Although it is too early to call it a trend, more recent articles on asthma seem to indicate this very serious respiratory problem may actually be on the decline in certain parts of North America and around the world. Assuming this could be true, it is fair to ask why. Some of the conclusions I have reached are the following:
- We are more aware of what causes asthma and what can trigger an asthma attack
- New medications and therapies have been introduced in the past decade that help treat asthma and minimize the severity of the disease
- Employers and employees have become much more aware of issues, such as asthma, that can impact workplace safety
- Many more products that previously released high amounts of volatile organic compounds (VOCs) – from paints and upholstery to cleaning chemicals and carpets – have been reengineered so that the number of VOCs released into the indoor environment have been reduced significantly
- The growth of Green Cleaning.
I am sure there may be other reasons that asthma could be on the decline in many parts of the world; however, the growth of Green Cleaning in schools, offices, healthcare facilities, and many other facilities is undeniably one of the key reasons. This is most noticeable because of the complete turnabout we witnessed in the 2000s when it comes to Green Cleaning.
The decade began with few facilities implementing a Green Cleaning strategy. After a couple of years—as environmentally preferable cleaning products improved, became more cost effective, and we all began to realize that some of the ingredients used to make traditional cleaning products could result in asthma attacks and other health problems—more end-customers started to embrace Green Cleaning products.
By about 2009, we can proudly say that not only do most facilities now select Green Cleaning products, but invariably it is their first choice when selecting a cleaning product. In fact, most facilities will only select a traditional cleaning product if an alternative is not available or there are cost and performance issues, which are becoming less of a concern today.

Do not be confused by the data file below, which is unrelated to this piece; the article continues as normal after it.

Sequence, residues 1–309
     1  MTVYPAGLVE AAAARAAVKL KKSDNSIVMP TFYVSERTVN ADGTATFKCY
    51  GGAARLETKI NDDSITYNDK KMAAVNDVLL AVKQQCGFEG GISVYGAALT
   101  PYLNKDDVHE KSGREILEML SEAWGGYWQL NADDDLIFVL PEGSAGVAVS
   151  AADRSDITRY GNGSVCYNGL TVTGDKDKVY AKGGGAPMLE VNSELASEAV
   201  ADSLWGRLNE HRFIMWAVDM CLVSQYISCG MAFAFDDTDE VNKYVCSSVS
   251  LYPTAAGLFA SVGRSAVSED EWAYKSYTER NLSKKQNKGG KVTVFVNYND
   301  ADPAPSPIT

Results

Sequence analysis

If this is true and asthma might be on the decline in North America and in some parts of the world, we must then continue in this healthier direction. Facility managers should continue to select Green Cleaning products as well as institute policies, procedures, and practices that protect building users from the agents and allergens that trigger asthma.
Cleaning workers specifically must take steps to protect their own health when it comes to using cleaning chemicals—Green or traditional—by using these products as instructed and properly diluted, stored, and handled. This is one reason ISSA, the Healthy Schools Campaign, and The Ashkin Group have joined together to make custodial training our commitment and focus for this year’s Green Apple Day of Service.
And we must all pat ourselves on the back. Because so many manufacturers, managers, distributors, and cleaning workers, as well as many others, have worked to minimize or eliminate asthma-causing agents in buildings, we have managed to help millions of people stay healthy.
Stephen Ashkin, president of The Ashkin Group and frequently referred to as “the father of Green Cleaning,” was inducted into the International Green Industry Hall of Fame (IGIHOF) at a recent ceremony held at the University of California, Santa Barbara.
This is the fifth year the IGIHOF has held this annual event. The organization asks the general public to nominate individuals and organizations that have embraced Green technologies, have reduced waste, have promoted sustainability, or are actively working to promote Green and sustainability issues, either in their own operations or for people and organizations around the world.
The IGIHOF considers these nominees and inductees to be “creators of excellence and visionaries” who have made significant contributions to ensure a healthier and more sustainable planet. Past nominees have included Google, Seventh Generation, Toyota Motor Corporation, and the San Francisco Giants.
A review board examines the credentials of the nominees from which it selects the inductees. Along with Ashkin, this year’s inductees include the following:
- David Gottfried, founder of the U.S. Green Building Council
- Amory Lovins, founder of the Rocky Mountain Institute
- Honda Motor Company
- Meryl Streep, actress
“The lineup of people and organizations inducted this year is as diverse as it is impressive,” says Ashkin. “It’s an honor to be among them and an even greater honor to be inducted into this fine organization.”
Sam Geil, Executive Director of the IGIHOF, shared the following thoughts and feelings about why Ashkin was nominated and inducted: “It’s no wonder Steve is considered ‘the father of Green Cleaning.’ He inspired me and many others to get on the Green bandwagon more than a decade ago. His contribution to Green and sustainable issues has encouraged thousands of people and scores of industries to Go Green.”
About the International Green Industry Hall of Fame Founded in 2010, the International Green Industry Hall of Fame is an international organization that recognizes individuals and organizations committed to creating a better environment through Green practices. Each year IGIHOF recognizes industries that have contributed to reducing the environmental effects of industrial production, have embraced Green technology, or have developed products aimed at boosting energy efficiency, trimming waste, and reducing or eliminating the production of harmful substances. Visit https://gogreenhall.org/ for more information.